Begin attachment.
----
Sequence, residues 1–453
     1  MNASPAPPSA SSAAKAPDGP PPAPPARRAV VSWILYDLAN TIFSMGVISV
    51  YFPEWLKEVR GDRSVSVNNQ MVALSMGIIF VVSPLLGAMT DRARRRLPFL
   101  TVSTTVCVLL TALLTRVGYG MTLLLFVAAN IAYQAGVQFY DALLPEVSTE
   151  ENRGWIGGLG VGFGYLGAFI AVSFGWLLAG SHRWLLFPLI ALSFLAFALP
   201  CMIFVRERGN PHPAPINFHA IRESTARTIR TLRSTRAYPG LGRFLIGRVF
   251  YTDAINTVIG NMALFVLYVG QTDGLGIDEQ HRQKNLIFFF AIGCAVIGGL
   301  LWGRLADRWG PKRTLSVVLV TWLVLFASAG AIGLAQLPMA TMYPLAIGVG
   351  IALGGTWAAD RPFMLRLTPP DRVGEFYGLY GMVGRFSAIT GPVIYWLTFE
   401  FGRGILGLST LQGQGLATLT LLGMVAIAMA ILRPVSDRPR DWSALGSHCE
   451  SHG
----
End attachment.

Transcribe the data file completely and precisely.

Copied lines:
Sequence, residues 1–453
     1  MNASPAPPSA SSAAKAPDGP PPAPPARRAV VSWILYDLAN TIFSMGVISV
    51  YFPEWLKEVR GDRSVSVNNQ MVALSMGIIF VVSPLLGAMT DRARRRLPFL
   101  TVSTTVCVLL TALLTRVGYG MTLLLFVAAN IAYQAGVQFY DALLPEVSTE
   151  ENRGWIGGLG VGFGYLGAFI AVSFGWLLAG SHRWLLFPLI ALSFLAFALP
   201  CMIFVRERGN PHPAPINFHA IRESTARTIR TLRSTRAYPG LGRFLIGRVF
   251  YTDAINTVIG NMALFVLYVG QTDGLGIDEQ HRQKNLIFFF AIGCAVIGGL
   301  LWGRLADRWG PKRTLSVVLV TWLVLFASAG AIGLAQLPMA TMYPLAIGVG
   351  IALGGTWAAD RPFMLRLTPP DRVGEFYGLY GMVGRFSAIT GPVIYWLTFE
   401  FGRGILGLST LQGQGLATLT LLGMVAIAMA ILRPVSDRPR DWSALGSHCE
   451  SHG